PEER EDUCATORS TAKE LEAD IN DEEP ENGAGEMENT GRANT (DEG) IMPLEMENTATION

The LGBT (Lesbians, Gays, Bisexual and Transgender) are among the main drivers of HIV epidemic in Uganda and yet the political and socio-cultural situation in Uganda limits accessibility and utilization of health services among this minority group. The UNAIDS’ ambitious target of stopping AIDS by 2030 can only be a dream unless the country improves the health care situation of these marginalized group. The HIV prevalence among MSM is estimated at 12.7%, doubling that of the general population (Crane Survey 2017).

 

The AIDS Support Organization (TASO) is one of the DEG implementing partners offering comprehensive HIV care services to the MARPS. These services did not consider LGBTI community as a specialized group. TASO was a home to only those who were HIV positive and were registered to continue accessing services. The attitude of the service providers were then negative due to the cultural orientation and this scared many from coming out openly due to fears.

SCALED-UP INTERVENTIONS UNDER THE DEEP ENGAGEMENT GRANT (DEG) PROJECT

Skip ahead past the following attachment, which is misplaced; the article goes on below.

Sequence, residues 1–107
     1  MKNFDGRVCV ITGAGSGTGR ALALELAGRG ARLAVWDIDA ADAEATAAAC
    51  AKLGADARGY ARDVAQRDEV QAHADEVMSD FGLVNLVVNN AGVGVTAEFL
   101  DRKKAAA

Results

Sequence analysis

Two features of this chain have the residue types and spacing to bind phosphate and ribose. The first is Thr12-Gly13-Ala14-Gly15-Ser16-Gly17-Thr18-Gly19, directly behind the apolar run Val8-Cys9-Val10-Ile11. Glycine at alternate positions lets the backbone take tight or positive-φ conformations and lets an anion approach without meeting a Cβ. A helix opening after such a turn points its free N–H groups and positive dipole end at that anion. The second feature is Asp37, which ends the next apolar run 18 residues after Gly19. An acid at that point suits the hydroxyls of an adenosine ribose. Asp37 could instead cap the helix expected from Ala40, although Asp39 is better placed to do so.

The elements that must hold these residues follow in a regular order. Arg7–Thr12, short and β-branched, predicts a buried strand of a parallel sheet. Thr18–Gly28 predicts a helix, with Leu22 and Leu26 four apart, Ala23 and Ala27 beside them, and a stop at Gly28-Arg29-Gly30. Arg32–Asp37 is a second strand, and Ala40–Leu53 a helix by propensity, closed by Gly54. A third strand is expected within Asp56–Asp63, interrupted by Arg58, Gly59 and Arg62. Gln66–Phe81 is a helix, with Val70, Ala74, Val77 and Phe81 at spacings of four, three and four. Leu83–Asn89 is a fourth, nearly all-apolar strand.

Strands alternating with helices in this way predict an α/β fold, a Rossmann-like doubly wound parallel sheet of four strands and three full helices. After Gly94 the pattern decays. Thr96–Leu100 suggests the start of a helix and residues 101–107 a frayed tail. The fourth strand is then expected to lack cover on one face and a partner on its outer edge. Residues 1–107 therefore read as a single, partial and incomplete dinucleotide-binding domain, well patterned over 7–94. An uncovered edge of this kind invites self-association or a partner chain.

In 2018, the TASO received funding from Elton John Foundation through Community Health Alliance Uganda under the Deep Engagement Grant (DEG) project to scale up HIV prevention and treatment services to the LGBTI community.

Currently TASO through seven centers provides services both at facility and community based. The minimum service package includes; HIV Testing Services, STI screening and management, Reproductive Health Services, TB screening, psychosocial support, home visits and Sexual gender based violence (SGBV) screening and management.

DEG project relies mainly on the peer to peer approach to reach LGBT community members with HIV prevention and treatment services. In order to achieve the progress of DEG for TASO the role played by peer educators could not be underestimated.